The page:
Now that Chicago Teachers Union members have ratified a new contract, CTU President Karen Lewis detailed what comes next for the union and Chicago Public Schools district.
“We will work with them to shore up their financial issues by promoting legislation that will adequately and equitably fund all of Illinois’ schools,” she said during a speech before the City Club of Chicago.
CTU members approved the four-year contract agreement late Tuesday. Preliminary vote results showed that 72 percent of CTU members authorized the deal.
In discussing the vote results, Lewis said, “What I can tell you is that the level of distrust between the district, parents, educators and communities is still high, and will need a lot of work to repair these wounds.”
CPS officials, however, are “looking at how to be more inclusive in the process of decision-making with us,” Lewis said. As part of the contract deal, the union and school district agreed to establish a joint budget committee.
“We actually have language in the contract that sets up a board-union panel that will look at these things,” Lewis told reporters after the event. “Whether they’ll do what we ask, we don’t know. But they haven’t done anything yet, so this is the first step towards, I think, … rebuilding some trust.”
Over four years, the contract is expected to cost the district approximately $9.5 billion. In a press release issued Wednesday, CPS announced it expects to spend $400 million less than it would have under the previous contract.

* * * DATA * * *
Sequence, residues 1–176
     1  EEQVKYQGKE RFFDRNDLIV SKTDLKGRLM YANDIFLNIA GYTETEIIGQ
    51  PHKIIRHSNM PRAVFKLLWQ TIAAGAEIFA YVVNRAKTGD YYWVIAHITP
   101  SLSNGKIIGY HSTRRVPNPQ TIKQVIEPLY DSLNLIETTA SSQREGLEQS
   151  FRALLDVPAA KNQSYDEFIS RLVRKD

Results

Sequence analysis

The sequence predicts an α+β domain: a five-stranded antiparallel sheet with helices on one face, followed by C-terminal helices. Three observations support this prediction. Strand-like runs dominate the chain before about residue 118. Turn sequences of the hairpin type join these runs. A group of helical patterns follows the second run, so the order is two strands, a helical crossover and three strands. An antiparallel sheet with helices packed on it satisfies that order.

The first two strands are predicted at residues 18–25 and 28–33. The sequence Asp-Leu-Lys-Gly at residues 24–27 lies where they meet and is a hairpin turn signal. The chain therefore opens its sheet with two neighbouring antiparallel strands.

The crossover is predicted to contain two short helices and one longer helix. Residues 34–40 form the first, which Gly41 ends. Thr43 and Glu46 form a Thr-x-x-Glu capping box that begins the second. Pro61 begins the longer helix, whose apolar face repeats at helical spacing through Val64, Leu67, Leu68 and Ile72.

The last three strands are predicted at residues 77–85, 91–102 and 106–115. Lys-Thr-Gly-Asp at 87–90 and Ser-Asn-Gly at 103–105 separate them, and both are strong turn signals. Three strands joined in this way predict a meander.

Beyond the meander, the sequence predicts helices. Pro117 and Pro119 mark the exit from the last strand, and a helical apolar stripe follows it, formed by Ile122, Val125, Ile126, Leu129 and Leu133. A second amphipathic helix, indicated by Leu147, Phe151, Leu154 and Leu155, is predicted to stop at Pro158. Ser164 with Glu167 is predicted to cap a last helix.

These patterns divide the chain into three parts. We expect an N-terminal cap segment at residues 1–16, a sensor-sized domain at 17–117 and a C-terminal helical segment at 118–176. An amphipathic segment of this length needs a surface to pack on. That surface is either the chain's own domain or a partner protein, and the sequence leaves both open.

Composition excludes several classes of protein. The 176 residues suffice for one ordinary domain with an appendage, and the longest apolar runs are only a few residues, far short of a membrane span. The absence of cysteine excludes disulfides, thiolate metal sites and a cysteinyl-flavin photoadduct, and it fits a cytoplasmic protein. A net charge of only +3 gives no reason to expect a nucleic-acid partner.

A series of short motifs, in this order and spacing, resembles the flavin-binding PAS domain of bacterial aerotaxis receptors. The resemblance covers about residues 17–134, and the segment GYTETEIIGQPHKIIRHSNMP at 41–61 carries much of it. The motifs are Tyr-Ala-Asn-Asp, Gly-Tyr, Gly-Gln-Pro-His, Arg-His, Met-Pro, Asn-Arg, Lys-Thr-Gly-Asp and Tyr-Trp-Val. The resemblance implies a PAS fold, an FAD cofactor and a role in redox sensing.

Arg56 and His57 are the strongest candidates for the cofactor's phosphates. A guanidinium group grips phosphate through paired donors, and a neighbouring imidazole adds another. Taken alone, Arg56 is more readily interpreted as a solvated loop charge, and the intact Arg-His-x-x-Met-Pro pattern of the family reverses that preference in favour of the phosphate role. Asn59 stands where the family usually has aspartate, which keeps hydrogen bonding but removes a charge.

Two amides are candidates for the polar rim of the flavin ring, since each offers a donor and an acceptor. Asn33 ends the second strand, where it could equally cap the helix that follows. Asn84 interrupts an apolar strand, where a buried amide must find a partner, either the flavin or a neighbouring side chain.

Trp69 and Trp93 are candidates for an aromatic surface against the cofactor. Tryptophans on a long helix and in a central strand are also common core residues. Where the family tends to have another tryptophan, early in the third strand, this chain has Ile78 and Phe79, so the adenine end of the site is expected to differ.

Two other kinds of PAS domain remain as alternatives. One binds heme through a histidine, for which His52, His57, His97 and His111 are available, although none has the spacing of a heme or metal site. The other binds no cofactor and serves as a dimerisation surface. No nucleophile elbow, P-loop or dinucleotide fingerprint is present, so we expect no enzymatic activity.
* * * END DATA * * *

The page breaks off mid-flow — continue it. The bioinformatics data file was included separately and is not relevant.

“Our agreement with the CTU is the most cost-effective contract in the history of CPS mayoral control,” CPS CEO Forrest Claypool said in a statement. “We are pleased that students can continue to learn uninterrupted, teachers receive a well-deserved raise and the district can bend its cost curve. We are optimistic that with a new collective bargaining agreement in place, we will be able to work together to advocate for the resources our students deserve from the state.”
Chicago’s school board will vote on the contract and the district’s revised budget on December 7.
District officials said the revised budget includes a $55 million increase in expenditures, which will be funded by city tax increment financing, or TIF, dollars.
CTU leaders said the four-year contract agreement contains approximately $350 million more in funding than the district’s previous contract offer from January.
During her City Club of Chicago speech, Lewis highlighted key items from the new contract, including the additional TIF revenue.
“We have been talking about TIFs and opening up that piggy bank for a while, and that piggy bank was opened,” Lewis said.
The mayor, she added, “has made a commitment to work with us on finding funding for sustainable community schools” that will have “engaging and culturally relevant curriculum, with an emphasis on restorative justice rather than punishment.”
Lewis was also pleased that the contract includes a cap on charter schools. Over the life of the contract, there will be a net zero increase in charter schools.
The public can comment on CPS’ revised budget at two hearings. Both will be held Monday, November 28 at 12:30 p.m. and 3:30 p.m. at the district’s headquarters, 42 W. Madison St.